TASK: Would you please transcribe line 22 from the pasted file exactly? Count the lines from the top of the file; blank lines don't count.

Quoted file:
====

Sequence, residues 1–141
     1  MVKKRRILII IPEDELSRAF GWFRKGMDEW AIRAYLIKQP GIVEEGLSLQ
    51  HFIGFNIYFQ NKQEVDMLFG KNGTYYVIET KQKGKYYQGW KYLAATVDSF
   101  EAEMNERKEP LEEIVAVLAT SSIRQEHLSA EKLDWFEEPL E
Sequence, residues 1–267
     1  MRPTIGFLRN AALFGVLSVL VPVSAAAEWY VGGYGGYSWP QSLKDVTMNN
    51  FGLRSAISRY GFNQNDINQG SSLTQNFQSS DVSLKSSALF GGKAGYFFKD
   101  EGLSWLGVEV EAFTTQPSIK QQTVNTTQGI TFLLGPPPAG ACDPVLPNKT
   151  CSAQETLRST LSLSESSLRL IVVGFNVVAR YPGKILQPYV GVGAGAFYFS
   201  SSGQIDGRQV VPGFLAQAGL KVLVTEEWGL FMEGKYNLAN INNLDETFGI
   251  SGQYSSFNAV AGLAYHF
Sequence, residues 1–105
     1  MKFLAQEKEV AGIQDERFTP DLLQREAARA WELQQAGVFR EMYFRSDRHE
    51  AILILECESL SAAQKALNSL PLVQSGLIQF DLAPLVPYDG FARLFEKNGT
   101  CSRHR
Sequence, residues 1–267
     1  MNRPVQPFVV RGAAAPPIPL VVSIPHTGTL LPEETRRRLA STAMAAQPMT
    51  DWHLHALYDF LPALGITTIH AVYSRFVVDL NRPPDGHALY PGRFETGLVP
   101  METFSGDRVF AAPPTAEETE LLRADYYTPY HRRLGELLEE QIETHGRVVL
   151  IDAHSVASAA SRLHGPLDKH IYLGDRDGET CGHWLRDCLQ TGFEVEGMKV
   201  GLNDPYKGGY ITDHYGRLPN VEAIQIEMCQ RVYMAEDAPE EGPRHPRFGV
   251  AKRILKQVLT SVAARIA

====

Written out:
   251  AKRILKQVLT SVAARIA